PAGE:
Do you have to wear a burkini in Riyadh when you go swimming?
My daughter asked this while we were perusing the swimwear lines starting to grace the shops in Oz because summer is just around the corner.
What women wear to the swimming pool in Saudi depends on a couple of things - where they swim and personal preference.
At our compound pool, and all other western compounds ever visited, you will find the female form clad in a range of bikini's and one pieces. A burkini has never graced our pools waters - not in the short time I've been there. The blokes are usually in board shorts though every now and then a budgy smuggler (speedo wearing dude) drops by.
At the womens pool on the DQ, Al Manihal, the swimwear bottoms must cover the thighs and the top must cover the chest so you aren't showing off your cleavage. Some local women here wear burkini's, though quite a number jump in with their abaya's still on. Although expat word of mouth describes the pool as women only the majority of those women also take their children to the pool.
The few times I have swum at Al Manihal they have accepted me wearing my old triathlon training gear - cycle shorts and top similar to those pictured below.
My Saudi friends wear gear they feel comfortable in. One wears swimwear that resembles a track suit - long sleeved top and loose pants.
Another wears gear that resembles this burkini below though hers has no sleeves.
My young Saudi friend wears similar bottoms (she doesn't like her butt and thighs) but a bikini top. Her other friends wear skimpy bikini's because they are those lucky women who have had two or three kids but don't put on a pound anywhere. All of them lay about the pool in the sunshine working on their tans and gas bagging in between dips in the water. Invitations to swim here are women only. All men are intercepted at the gate and sent elsewhere.
When invited to the family farm by another lovely Saudi lady I was instructed to bring something to swim in as there was a pool, so along came the trusty two piece. The women I met beside the pool on this occasion ranged in age from 13 to 70. Their choice of swim attire was shorts and T-shirts. The men, who knew the women were swimming, stayed in their part of the farm building doing whatever it is men do. When the men want to swim it is the women's turn to stay indoors.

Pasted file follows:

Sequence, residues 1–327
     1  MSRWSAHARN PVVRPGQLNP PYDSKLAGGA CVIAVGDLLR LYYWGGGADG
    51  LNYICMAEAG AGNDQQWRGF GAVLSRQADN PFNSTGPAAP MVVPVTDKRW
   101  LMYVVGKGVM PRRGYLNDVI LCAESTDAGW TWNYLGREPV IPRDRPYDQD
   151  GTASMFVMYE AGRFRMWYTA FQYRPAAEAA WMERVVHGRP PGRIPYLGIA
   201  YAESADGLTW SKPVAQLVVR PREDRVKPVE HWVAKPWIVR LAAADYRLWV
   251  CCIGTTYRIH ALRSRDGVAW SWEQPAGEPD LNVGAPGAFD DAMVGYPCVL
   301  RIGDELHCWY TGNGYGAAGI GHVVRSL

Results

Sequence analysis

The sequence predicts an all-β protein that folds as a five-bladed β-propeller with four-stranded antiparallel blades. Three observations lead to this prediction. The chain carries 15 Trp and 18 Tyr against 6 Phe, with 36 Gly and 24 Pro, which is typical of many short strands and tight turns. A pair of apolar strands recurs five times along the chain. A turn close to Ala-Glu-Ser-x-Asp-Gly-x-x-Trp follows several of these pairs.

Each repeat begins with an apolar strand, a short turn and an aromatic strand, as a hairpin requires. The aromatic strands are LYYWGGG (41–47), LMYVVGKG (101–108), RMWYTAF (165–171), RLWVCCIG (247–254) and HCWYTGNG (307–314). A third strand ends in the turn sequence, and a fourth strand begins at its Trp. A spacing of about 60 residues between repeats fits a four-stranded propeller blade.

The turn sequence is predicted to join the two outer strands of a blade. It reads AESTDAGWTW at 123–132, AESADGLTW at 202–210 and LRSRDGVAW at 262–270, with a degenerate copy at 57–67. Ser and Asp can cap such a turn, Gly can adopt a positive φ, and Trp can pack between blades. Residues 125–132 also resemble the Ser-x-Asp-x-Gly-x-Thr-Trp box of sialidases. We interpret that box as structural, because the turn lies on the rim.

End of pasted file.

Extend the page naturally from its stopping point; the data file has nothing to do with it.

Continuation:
Lovely Lady has a burkini similar to the one pictured below that she wears to any public pool in or out of Saudi though hers is two lovely shades of pink.
While searching for alternative accommodation because the increase in rent at our place was becoming ridiculous we came across a small compound with a small pool. This accommodation was not for westerners only. When asked if women could swim in the pool the answer was yes it is possible - but you had to wear an abaya in the pool in case a man type showed up as the pool was unable to be controlled.
The ladies I know all love to to take a dip in the pool. Some took swimming lessons as children though the advance of years, marriage and kids has meant their trips to the pool are much less frequent than they would like. Not all of my friends have a pool in their back yard or at the farm and the cost of a pool visit can be restrictive. It cost 50SAR to Al Manahil and I also had to buy a swim cap.
There are pools at some of the ladies gyms/salons but, as an infrequent visitor, I've never swum at those places so can only presume the swimwear must be culturally acceptable.
The larger hotels also have swimming pools but they are generally men only particularly if they are outdoor pools which are harder to cordon off to provide women only hours. The Intercontinental has lovely outdoor pools that no woman shall ever swim in for fear she be gazed at from one of the windows overlooking the pool. However, the day we were there one part of the pool area was available for families so local mothers could bring the kids for a swim, sitting beside the pool wrapped in black as the youngsters splashed about in the water.
A friend who travels to Saudi for work now and then swims in her hotel pool in the morning (an indoor one) because there is no-one else around. For some unexplainable reason it occurred to her, after a few days of being solo in the pool, to ask management if swimming was allowed for women. Of course she was told no. Now her dilemma is should she ignore the rule and pretend she knows no better.
Some hotels will provide security outside the pool door if you ask nicely - I'm not sure if that particular hotel is one of those. I guess we will find out next time she is in town. By the way, she wears a one piece for her hotel swims.
So, whether or not you have to wear a burkini in Riyadh depends on a number of factors but the short answer to 'Do you have to wear a burkini ?' is, No, not really.